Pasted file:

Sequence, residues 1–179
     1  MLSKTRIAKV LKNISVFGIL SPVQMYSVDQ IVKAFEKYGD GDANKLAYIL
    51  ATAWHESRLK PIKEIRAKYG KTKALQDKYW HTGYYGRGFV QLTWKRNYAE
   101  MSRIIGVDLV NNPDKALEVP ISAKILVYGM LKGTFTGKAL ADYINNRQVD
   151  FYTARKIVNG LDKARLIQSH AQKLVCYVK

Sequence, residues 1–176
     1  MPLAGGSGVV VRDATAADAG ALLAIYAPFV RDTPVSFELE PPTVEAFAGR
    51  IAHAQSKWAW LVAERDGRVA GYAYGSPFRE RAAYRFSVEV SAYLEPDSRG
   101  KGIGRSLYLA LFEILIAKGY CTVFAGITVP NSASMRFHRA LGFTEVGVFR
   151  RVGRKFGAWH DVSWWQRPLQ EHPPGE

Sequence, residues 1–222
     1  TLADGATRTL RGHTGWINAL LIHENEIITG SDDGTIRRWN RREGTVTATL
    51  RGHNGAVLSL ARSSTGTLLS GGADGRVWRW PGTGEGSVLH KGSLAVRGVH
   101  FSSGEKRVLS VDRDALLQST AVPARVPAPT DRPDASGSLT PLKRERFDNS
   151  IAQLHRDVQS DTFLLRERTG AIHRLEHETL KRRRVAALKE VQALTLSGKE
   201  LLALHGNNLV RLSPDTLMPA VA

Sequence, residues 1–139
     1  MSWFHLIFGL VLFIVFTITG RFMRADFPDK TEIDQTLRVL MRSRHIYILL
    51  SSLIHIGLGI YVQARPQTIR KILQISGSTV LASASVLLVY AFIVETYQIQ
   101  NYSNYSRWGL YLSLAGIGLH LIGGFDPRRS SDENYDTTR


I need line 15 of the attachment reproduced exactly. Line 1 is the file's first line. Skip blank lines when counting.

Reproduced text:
   151  IAQLHRDVQS DTFLLRERTG AIHRLEHETL KRRRVAALKE VQALTLSGKE